The first week of school was dominated by stories about a major busing fiasco, with 67,075 hotline complaints from parents during the first four days, and many kids left on the sidewalk waiting for school buses which never came, as first reported by Ben Chapman of the NY Daily News.
Ben also broke the story that many bus drivers with criminal records had been allowed to slip through the cracks via faulty background checks, and that a retired police investigator had been let go by DOE for blocking too many hires with questionable records, while his signature was forged to the hiring documents.
This was a dramatic move by the Chancellor, as no one at that level has been fired at DOE in many years, at least in my memory. Carranza also promised that from now on, the method for vetting bus drivers would be handled by the department's Division of Human Capital, with the same careful screening that DOE employees are subject to.
Rose was also very dismissive of the importance of class size and school overcrowding, as typical of many educrats who were originally hired by Joel Klein. This was especially unfortunate as she oversaw school co-locations and the School Construction Authority. Rose testified in April in response to a question from City Council Education Chair Mark Treyger that school overcrowding had no negative impacts on students, a claim that was subsequently contradicted by Chancellor Carranza in testimony one month later.
Today, Sue Edelman in the NY Post revealed that 24 staffers at the DOE Office of Pupil Transportation were provided with cars at city expense – including several employees who do little but drive their cars to and from their office each day. Included among them is a Rabbi, a “liaison to yeshivas” who has both a car and a personal driver paid for by the DOE:In previous hearing Eliz Rose minimized impact of overcrowding on education; do you agree? asks @MarkTreyger718. @DOEChancellor says when he had fewer students as teacher he could do so much better, with 20-25 vs 45 students; learning environment important but funding limited— leonie haimson (@leoniehaimson) May 22, 2018
In 2012, I published a blog post with a link to a spreadsheet obtained by CEC 31 President Mike Reilly through a Freedom of Information request, showing that a higher percent of private school students who request school busing for safety reasons had their waivers approved by OPT than public school kids.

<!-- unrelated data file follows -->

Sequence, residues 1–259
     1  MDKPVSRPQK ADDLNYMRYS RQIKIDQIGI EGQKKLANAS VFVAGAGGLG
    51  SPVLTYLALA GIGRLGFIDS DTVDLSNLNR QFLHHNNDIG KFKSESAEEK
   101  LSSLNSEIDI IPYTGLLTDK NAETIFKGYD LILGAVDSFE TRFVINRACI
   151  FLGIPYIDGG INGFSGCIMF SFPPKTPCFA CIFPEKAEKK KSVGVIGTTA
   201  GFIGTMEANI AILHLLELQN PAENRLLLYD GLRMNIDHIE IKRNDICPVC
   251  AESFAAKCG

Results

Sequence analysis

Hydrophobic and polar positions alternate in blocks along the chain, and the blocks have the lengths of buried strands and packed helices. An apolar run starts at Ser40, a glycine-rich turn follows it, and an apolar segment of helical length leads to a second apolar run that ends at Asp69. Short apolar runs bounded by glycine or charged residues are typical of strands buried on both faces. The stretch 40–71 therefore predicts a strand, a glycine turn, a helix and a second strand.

Reilly's FOIL followed the elimination by DOE of middle-school busing in many areas of Queens and Staten Island that have no public transportation, which may have contributed to the death of at least one public school student. (Reilly recently won the Republican primary for an Assembly seat for the South Shore of Staten Island, and is certain to be elected, as he's unopposed by any Democrat.)
Weydig was cited in a Daily News article for questioning a decision to de-certify a driver with ten prior criminal convictions, including grand larceny, identity theft forgery and fraud. He emailed the investigator who rejected the drive, emailing, "“What are you trying to prove here?” This investigator, Eric Reynolds, was removed by DOE, apparently for flagging too many bus drivers with questionable records.
Busing has been a perennial problem at DOE. One recalls how Joel Klein switched bus routes in the middle of winter at the behest of the consulting company Alvarez and Marsal, leaving kids shivering on corners and provoking huge outrage in one of the biggest blunders of his extremely bumpy record. He actually apologized afterwards, an extremely rare move for him.
Carmen Farina was not adept in dealing with corruption or incompetence. She pushed through a contract worth as much as a billion dollars with a vendor found to have engaged in a corrupt kickback scheme just a few years before , and refused to act for many months even when confronted with clear evidence of cheating or abusive educrats. (See the Governance section of the NYC Kids PAC report card for a summary.)
At this point, Chancellor Carranza seems to have handled the busing controversy with decisive swiftness, at least compared to past administrations.